• If you have 10 nodes, you're done.

Good heuristics for picking a start node is hard to give without any knowledge about how the attributes are distributed, but it is possible that it is beneficial to nodes with high degree first.

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The problem, as I say, is that my data set is actually thousands of nodes with hundreds of thousands of edges. This algorithm would give me one valid path, but not necessarily the shortest. I'd have to enumerate all of the valid paths (or a large number of them), which could take.. erm.. a while. –  Plutor Dec 9 '11 at 22:55
    
I've now tried a depth-first search, and it's going to take tens of thousands of CPU-hours. –  Plutor Dec 11 '11 at 14:59

It looks like a greedy depth first search will be your best bet. With a reasonable distribution of attribute values, I think finding a single valid sequence is E[O(1)] time, that is expected constant time. I could probably prove that, but it might take some time. The proof would use the assumption that there is a non-zero probability that a valid next segment of the sequence could be found at every step.

The greedy search would backtracking whenever the unique attribute value constraint is violated. The search stops when a 15 segment path is found. If we accept my hunch that each sequence can be found in E[O(1)], then it is a matter of determining how many parallel searches to undertake.

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For those who want to experiment, here is a (postgres) sql script to generate some fake data.

SET search_path='tmp';

-- DROP TABLE nodes CASCADE;
CREATE TABLE nodes
    ( num INTEGER NOT NULL PRIMARY KEY
    , color INTEGER
    -- Redundant fields to flag {begin,end} of paths
    , is_root boolean DEFAULT false
    , is_terminal boolean DEFAULT false
    );

-- DROP TABLE edges CASCADE;
CREATE TABLE edges
    ( numfrom INTEGER NOT NULL REFERENCES nodes(num)
    , numto INTEGER NOT NULL REFERENCES nodes(num)
    , cost INTEGER NOT NULL DEFAULT 0
    );

-- Generate some nodes, set color randomly
INSERT INTO nodes (num)
SELECT n
FROM generate_series(1,2430) n
WHERE 1=1
    ;
UPDATE nodes SET COLOR= 1+TRUNC(20*random() );

-- (partial) cartesian product nodes*nodes. The ordering guarantees a DAG.
INSERT INTO edges(numfrom,numto,cost)
SELECT n1.num ,n2.num, 0
FROM nodes n1 ,nodes n2
WHERE n1.num < n2.num
AND random() < 0.029
    ;

UPDATE edges SET cost = 1+ 1000 * random();

ALTER TABLE edges
    ADD PRIMARY KEY (numfrom,numto)
    ;

ALTER TABLE edges
    ADD UNIQUE (numto,numfrom)
    ;

UPDATE nodes no SET is_root = true
WHERE NOT EXISTS (
    SELECT * FROM edges ed
    WHERE ed.numfrom = no.num
    );
UPDATE nodes no SET is_terminal = true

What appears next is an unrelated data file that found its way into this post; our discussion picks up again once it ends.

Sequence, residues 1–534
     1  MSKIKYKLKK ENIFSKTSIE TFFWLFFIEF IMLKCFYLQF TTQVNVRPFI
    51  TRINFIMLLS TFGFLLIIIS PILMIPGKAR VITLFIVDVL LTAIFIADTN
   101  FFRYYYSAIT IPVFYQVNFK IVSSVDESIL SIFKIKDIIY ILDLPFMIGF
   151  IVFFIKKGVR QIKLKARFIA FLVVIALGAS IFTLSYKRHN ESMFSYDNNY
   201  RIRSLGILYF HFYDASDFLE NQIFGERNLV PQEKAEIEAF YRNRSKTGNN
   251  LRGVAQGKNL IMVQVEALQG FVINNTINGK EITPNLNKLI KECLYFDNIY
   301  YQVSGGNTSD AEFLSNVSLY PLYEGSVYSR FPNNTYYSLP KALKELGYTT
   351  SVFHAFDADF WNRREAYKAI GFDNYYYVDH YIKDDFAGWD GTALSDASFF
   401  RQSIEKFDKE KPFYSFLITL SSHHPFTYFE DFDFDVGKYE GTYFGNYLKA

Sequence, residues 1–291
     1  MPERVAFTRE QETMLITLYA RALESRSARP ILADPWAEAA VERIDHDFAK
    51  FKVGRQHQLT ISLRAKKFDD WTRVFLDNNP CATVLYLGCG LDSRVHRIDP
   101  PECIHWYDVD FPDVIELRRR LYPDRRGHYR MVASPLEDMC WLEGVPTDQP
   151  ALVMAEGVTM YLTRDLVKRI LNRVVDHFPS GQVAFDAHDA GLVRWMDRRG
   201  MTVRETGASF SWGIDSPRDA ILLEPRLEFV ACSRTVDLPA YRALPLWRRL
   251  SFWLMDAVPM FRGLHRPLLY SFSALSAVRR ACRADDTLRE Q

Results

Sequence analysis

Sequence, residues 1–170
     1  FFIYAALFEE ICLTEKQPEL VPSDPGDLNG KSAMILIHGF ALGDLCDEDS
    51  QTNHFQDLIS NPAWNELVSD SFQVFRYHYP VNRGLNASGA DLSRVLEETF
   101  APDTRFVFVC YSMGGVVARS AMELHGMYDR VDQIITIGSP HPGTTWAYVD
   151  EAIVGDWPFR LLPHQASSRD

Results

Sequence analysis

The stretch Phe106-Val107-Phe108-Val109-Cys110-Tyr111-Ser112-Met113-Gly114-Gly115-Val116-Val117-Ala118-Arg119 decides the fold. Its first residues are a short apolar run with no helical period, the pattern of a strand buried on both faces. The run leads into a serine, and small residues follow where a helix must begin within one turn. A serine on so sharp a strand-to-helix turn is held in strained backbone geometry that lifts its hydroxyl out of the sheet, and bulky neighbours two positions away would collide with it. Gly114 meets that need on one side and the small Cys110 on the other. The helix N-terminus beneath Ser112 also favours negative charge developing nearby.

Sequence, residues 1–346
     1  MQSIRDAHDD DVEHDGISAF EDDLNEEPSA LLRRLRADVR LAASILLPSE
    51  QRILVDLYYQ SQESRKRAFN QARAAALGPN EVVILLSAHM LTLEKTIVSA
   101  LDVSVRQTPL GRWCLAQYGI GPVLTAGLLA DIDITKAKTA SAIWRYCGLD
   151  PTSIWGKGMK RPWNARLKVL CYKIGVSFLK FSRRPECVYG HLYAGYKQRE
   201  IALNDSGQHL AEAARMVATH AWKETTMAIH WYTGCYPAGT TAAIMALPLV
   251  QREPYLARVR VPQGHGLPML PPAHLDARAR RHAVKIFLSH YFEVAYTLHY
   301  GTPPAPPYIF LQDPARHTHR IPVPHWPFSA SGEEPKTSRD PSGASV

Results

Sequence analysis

WHERE NOT EXISTS (
    SELECT * FROM edges ed
    WHERE ed.numto = no.num
    );

SELECT COUNT(*) AS nnode FROM nodes;
SELECT COUNT(*) AS nedge FROM edges;
SELECT color, COUNT(*) AS cnt FROM nodes GROUP BY color ORDER BY color;

SELECT COUNT(*) AS nterm FROM nodes no WHERE is_terminal = true;

SELECT COUNT(*) AS nroot FROM nodes no WHERE is_root = true;

WITH zzz AS    (
    SELECT numto, COUNT(*) AS fanin
    FROM edges
    GROUP BY numto
    )
SELECT zzz.fanin , COUNT(*) AS cnt
FROM zzz
GROUP BY zzz.fanin
ORDER BY zzz.fanin
    ;

WITH zzz AS    (
    SELECT numfrom, COUNT(*) AS fanout
    FROM edges
    GROUP BY numfrom
    )
SELECT zzz.fanout , COUNT(*) AS cnt
FROM zzz
GROUP BY zzz.fanout
ORDER BY zzz.fanout
    ;

COPY nodes(num,color,is_root,is_terminal)
TO '/tmp/nodes.dmp';

COPY edges(numfrom,numto, cost)
TO '/tmp/edges.dmp';
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The problem may be solving by dynamic programming as follows. Let's start by formally defining its solution.

Given a DAG G = (V, E), let C the be set of colors of vertices visited so far and let w[i, j] and c[i] be respectively the weight (distance) associated to edge (i, j) and the color of a vertex i. Note that w[i, j] is zero if the edge (i, j) does not belong to E. Now define the distance d for going from vertex i to vertex j taking into account C as

d[i, j, C] = w[i, j] if i is not equal to j and c[j] does not belong to C

           = 0 if i = j

           = infinite if i is not equal to j and c[j] belongs to C

We are now ready to define our subproblems as follows:

A[i, j, k, C] = shortest path from i to j that uses exactly k edges and respects the colors in C so that no two vertices in the path are colored using the same color (one of the colors in C)

Let m be the maximum number of edges permitted in the path and assume that the vertices are labeled 1, 2, ..., n. Let P[i,j,k] be the predecessor vertex of j in the shortest path satisfying the constraints from i to j. The following algorithm solves the problem.

for k = 1 to m
  for i = 1 to n
    for j = 1 to n
      A[i,j,k,C] = min over x belonging to V {d[i,x,C] + A[x,j,k-1,C union c[x]]}
      P[i,j,k] = the vertex x that minimized A[i,j,k,C] in the previous statement

Set the initial conditions as follows:

A[i,j,k,C] = 0 for k = 0
A[i,j,k,C] = 0 if i is equal to j
A[i,j,k,C] = infinite in all of the other cases

The overall computational complexity of the algorithm is O(m n^3); taking into account that in your particular case m = 14 (since you want exactly 15 nodes), it follows that m = O(1) so that the complexity actually is O(n^3). To represent the set C use an hash table so that insertion and membership testing require O(1) on average. Note that in the algorithm the operation C union c[x] is actually an insert operation in which you add the color of vertex x into the hash table for C. However, since you are inserting just an element, the set union operation leads to exactly the same result (if the color is not in the set, it is added; otherwise, it is simply discarded and the set does not change). Finally, to represent the DAG, use the adjacency matrix.

Once the algorithm is done, to find the minimum shortest path among all possible vertices i and j, simply find the minimum among the values A[i,j,m,C]. Note that if this value is infinite, then no valid shortest path exists. If a valid shortest path exists, then you can actually determine it by using the P[i,j,k] values and tracing backwards through predecessor vertices. For instance, starting from a = P[i,j,m] the last edge on the shortest path is (a,j), the previous edge is given by b = P[i,a,m-1] and its is (b,a) and so on.